Top security experts of India and the US met in New Delhi on Wednesday to discuss various measures, including exchange of technologies, to help each other face challenges like terrorism, cyber crime and ensuring safety of major cities.
The conference of police chiefs from India and the US, which began on Wednesday, saw the security czars stressing the needs to develop global linkages for evolving effective policing to address security threats such as terrorism, drugs traffickings and transnational crime.
"This conference is a key element in the expansion of our bilateral cooperation with the United States, aimed at securing our nations. As strategic partners, the more we can work with each other to enhance internal security, the more meaningful our partnership becomes to the ordinary citizen," Home Minister Sushilkumar Shinde said inaugurating the two-day meeting.
Referring to the 9/11 terror attacks in New York and the 26/11 Mumbai strike, the home minister said major terrorist attacks typically target large and densely populated urban areas, intentionally trying to inflict maximum damage.
Shinde said an efficient megacity policing system must serve as an effective deterrent against terrorists and their masters, who launch targeted attacks on the nerve centres of a country and therefore cooperation in megacity policing is intended to help each other enhance capacity, and to learn from each other, to provide an integrated security umbrella.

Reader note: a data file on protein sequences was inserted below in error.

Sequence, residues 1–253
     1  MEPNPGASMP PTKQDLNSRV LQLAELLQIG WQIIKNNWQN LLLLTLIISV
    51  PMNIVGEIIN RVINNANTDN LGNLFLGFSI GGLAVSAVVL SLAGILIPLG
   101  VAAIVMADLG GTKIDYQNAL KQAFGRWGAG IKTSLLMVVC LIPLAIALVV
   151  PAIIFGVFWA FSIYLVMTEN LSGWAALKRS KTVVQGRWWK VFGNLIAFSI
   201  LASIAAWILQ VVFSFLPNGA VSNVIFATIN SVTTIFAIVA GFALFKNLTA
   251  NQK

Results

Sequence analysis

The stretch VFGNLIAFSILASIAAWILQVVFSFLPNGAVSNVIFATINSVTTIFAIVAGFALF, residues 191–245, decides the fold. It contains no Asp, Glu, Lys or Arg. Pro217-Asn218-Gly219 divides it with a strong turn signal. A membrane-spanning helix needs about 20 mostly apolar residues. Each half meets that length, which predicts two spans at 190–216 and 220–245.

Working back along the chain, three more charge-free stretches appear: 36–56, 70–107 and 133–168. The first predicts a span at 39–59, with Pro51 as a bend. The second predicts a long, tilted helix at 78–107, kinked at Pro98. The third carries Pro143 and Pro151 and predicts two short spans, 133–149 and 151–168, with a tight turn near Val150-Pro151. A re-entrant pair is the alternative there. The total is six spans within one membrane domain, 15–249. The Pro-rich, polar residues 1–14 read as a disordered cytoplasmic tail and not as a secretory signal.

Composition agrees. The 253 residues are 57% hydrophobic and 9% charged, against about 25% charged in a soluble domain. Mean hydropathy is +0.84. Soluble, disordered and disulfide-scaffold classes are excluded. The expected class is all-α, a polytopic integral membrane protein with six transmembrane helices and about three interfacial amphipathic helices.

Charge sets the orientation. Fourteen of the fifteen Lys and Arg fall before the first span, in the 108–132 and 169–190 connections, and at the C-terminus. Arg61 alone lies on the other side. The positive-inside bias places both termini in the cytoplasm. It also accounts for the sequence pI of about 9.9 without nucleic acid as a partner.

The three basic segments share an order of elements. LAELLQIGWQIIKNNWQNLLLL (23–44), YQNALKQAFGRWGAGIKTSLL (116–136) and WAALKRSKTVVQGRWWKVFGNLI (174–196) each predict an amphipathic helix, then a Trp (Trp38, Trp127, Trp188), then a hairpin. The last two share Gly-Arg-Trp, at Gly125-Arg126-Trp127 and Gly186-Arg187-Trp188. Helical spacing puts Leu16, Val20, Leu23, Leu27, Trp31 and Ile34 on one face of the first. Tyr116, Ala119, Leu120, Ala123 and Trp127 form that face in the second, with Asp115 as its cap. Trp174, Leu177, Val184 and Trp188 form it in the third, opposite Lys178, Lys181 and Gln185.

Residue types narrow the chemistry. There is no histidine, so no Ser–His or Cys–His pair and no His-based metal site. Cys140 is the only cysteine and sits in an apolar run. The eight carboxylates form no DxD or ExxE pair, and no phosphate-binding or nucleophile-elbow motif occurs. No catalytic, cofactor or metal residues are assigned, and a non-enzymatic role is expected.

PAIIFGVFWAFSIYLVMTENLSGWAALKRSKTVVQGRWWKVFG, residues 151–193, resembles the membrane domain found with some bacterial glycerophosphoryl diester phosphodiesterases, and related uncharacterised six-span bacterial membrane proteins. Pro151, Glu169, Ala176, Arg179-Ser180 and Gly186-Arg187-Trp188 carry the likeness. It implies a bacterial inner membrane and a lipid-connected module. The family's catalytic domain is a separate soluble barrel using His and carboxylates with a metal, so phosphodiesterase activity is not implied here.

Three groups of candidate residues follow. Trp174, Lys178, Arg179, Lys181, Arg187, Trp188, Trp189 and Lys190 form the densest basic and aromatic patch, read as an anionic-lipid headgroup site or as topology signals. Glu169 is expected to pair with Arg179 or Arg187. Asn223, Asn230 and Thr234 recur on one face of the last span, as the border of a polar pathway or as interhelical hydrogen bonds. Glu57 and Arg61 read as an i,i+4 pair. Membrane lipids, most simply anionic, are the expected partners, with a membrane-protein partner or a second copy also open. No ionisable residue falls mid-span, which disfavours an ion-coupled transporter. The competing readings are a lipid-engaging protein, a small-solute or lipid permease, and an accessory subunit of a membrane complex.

Union Home Secretary Anil Goswami said both sides will discuss all relevant issues relating to detection of terrorist activities, their prevention and protection of material resources and human lives in terror attacks.
"We have enormous challenges - conventional as well as modern. To surmount them, we have to forge partnership with like thinking nations who have an identical resolve to fight terrorism, strengthen peace and democracy and thereby development," he said.
Assistant Secretary in the US Department of Homeland Security David Heyman said this was for the first time the frontline operators and first protectors gathered to discuss mutual cooperation.
"We gathered to exchange information on homeland security, to share best practices, lessons learnt from each other from respective domestic security experiences. We hope to hear from police chiefs of major US cities their experiences, major companies how their technologies upgraded the US training capabilities, how they can help our partners in India," he said.
Heyman said India and the US face common challenges and therefore must find common grounds to face them.
"With the increase of relations, we are not only protecting our families and communities, we are protecting each other. We are here for many reasons. The United States is seeking greater security to its allies and partner countries," he said.
US Ambassador to India Nancy Powell said the US and India have come incredibly far in a very short period of time to enhance jointly security and law enforcement cooperation.
"We are here because the US and India have so much in common. The US-India relationship as a whole is major priority for both the nations. Our overall relations are robust spanning the depth and breadth of our respective government.